Here are the key verses and summary for the story of Leviticus (‘Giving it up for God’), to be broadcast this Sunday 6th March from around 8.20 am:

Verses: from Leviticus 19
The LORD said to Moses, “Speak to the entire assembly of Israel and say to them: ‘Be holy because I, the LORD your God, am holy.

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Making sense of the Derby fostering court case

What are we to make of the court case of Eunice and Owen Johns, apparently refused permission to continue fostering because they could not tell a child that they thought homosexuality was a good thing?

Simon Vibert of Wycliffe Hall thinks that a Rubicon has been crossed. This judgement signals a fundamental change in English law. In a similar vein the blogger Cranmer sees the comments from the judges on equality and secularism as making nonsense of elements of our constitution,

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Finding our way

Footprints in the snowIt was the end of a really good week. The snow had been great, the sun had been out, and we had had a lot of fun as a family. The bags were packed, the skis returned, and all we needed to do now was find the car.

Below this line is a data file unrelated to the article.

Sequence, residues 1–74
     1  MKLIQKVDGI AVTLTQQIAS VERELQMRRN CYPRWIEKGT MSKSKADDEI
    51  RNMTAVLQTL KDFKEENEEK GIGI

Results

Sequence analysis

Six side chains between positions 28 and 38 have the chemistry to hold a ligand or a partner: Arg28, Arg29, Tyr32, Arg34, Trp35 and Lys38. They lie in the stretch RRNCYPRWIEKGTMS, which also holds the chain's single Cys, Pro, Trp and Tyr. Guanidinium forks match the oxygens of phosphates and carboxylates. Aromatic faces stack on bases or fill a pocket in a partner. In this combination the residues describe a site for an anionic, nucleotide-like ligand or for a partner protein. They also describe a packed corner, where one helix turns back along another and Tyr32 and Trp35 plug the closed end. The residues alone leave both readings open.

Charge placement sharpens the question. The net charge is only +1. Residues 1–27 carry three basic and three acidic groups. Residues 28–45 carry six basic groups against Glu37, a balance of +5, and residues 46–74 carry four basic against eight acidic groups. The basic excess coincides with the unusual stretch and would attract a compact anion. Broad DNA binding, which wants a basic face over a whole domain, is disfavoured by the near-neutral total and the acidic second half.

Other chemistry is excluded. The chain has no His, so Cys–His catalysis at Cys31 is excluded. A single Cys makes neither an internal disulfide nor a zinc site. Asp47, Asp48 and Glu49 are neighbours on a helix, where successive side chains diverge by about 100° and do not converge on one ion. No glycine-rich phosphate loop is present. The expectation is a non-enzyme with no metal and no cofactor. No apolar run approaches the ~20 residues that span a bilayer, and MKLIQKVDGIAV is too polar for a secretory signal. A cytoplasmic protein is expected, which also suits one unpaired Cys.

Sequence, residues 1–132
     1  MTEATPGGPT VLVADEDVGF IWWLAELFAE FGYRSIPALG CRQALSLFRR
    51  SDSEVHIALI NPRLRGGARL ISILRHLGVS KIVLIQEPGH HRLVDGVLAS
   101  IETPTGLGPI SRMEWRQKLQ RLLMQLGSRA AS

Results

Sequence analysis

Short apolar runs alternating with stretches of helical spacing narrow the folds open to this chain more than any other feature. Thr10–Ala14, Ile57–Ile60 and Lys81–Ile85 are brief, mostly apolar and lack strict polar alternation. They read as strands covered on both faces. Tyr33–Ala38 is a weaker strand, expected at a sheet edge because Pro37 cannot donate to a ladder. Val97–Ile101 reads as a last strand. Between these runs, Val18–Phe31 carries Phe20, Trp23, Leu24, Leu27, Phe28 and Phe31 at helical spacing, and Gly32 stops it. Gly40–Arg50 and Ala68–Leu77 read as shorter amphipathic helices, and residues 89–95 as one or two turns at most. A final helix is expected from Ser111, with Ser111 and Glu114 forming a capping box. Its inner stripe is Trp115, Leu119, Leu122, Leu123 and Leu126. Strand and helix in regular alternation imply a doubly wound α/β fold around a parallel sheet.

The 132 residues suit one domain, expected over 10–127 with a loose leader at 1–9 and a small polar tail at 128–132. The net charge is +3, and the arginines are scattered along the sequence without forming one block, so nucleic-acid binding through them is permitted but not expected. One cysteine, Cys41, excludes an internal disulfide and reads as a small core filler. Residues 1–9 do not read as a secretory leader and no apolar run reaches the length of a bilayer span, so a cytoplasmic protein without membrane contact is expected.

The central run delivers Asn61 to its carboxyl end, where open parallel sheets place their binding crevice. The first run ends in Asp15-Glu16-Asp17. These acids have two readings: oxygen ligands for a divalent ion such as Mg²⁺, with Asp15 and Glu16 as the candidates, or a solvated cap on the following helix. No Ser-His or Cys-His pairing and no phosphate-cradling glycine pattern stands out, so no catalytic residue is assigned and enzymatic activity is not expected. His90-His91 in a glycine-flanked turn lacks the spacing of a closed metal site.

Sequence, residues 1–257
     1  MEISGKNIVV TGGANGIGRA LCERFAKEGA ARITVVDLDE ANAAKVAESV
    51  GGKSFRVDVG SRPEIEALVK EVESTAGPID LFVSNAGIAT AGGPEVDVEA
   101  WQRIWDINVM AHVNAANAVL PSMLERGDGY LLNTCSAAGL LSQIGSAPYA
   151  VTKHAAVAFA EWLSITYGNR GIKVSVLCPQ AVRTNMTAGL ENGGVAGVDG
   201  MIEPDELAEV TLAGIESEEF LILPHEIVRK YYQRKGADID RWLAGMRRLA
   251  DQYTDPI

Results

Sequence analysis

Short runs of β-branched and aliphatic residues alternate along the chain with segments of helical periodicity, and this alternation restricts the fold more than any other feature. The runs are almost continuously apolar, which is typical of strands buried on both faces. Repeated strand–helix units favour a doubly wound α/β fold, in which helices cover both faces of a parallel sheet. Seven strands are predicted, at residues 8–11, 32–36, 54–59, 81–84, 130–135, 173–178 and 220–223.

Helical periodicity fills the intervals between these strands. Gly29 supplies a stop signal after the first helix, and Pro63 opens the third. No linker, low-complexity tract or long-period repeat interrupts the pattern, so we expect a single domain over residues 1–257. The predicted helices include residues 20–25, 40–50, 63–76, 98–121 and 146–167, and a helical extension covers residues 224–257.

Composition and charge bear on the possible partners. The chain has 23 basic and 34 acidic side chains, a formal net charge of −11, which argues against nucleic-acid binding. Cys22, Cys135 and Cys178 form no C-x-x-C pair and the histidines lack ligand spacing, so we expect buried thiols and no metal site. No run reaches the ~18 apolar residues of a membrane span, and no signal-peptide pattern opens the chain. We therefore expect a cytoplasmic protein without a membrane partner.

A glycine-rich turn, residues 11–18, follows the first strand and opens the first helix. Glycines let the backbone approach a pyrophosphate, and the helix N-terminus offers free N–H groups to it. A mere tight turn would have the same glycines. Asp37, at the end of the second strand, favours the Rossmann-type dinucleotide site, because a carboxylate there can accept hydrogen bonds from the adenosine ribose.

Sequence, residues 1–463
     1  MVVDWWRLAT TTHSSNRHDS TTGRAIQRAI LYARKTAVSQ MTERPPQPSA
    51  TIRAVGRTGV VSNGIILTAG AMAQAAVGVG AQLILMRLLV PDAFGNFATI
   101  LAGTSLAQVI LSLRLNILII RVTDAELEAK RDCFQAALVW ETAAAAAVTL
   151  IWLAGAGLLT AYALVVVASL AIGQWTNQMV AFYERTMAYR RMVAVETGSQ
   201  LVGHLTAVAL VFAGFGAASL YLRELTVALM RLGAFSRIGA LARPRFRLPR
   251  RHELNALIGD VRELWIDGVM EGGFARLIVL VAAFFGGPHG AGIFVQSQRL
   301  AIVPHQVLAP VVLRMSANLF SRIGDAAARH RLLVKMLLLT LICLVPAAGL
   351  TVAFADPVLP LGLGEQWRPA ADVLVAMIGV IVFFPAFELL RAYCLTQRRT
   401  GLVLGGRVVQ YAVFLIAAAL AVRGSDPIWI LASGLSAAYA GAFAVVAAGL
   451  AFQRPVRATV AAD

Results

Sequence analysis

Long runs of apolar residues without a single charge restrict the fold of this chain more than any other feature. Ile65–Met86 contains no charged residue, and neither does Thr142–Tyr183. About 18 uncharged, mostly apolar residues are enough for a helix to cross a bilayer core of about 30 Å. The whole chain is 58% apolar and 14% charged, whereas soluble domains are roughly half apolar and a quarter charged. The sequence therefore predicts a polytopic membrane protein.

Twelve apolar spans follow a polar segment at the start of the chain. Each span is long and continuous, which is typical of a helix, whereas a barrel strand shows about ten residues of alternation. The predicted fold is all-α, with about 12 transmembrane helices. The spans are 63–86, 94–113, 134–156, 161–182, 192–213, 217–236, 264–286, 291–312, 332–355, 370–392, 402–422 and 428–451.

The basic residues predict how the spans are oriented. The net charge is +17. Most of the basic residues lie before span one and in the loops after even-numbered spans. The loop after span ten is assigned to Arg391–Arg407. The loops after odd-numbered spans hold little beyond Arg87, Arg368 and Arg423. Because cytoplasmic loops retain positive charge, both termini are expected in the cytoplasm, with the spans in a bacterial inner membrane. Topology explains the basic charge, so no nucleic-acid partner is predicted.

Alas, it was parked at the bottom of the hill, quite a long distance below us vertically, and an even longer way by the typically winding Swiss mountain roads. How were we going to get there? Was there a quicker way, a sure route down?

At last, we saw it. Others had had the same challenge as us, and we could see their

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What’s the use of Facebook?

I am half way through watching The Social Network (with my daughter…!) and can already see why it has won awards. So far the most interesting observation is that Mark Zuckerberg aimed to replicate online the sorts of social things that people do in real life. In the film this arises from a conversation with his friend, who is wondering who is in a relationship with whom, from which Zuckerberg adds the ‘In a relationship’ feature to his programme.

So what are the kind of ‘human relating’ things that we can use Facebook for? Here are examples of how I have used Facebook in the last few weeks. What about you?

Life in the city: 1 Corinthians

Lechaion Way with Acrocorinth in backgroundI am working with Celia Kellett at BBC Radio Nottingham on an idea to present most of the books of the Bible, one a week, during 2011 as part of the celebrations of the King James Bible. The plan is to read some verses from the book, to give a one-and-a-half minute summary, to hear a human interest story which relates, and then include a short discussion making the connections.

Here are the key verses and summary for the story of 1 Corinthians (‘Life in the city’), to be broadcast this Sunday 20th Feb from around 8.20 am:

Verses: 1 Cor 13.1–4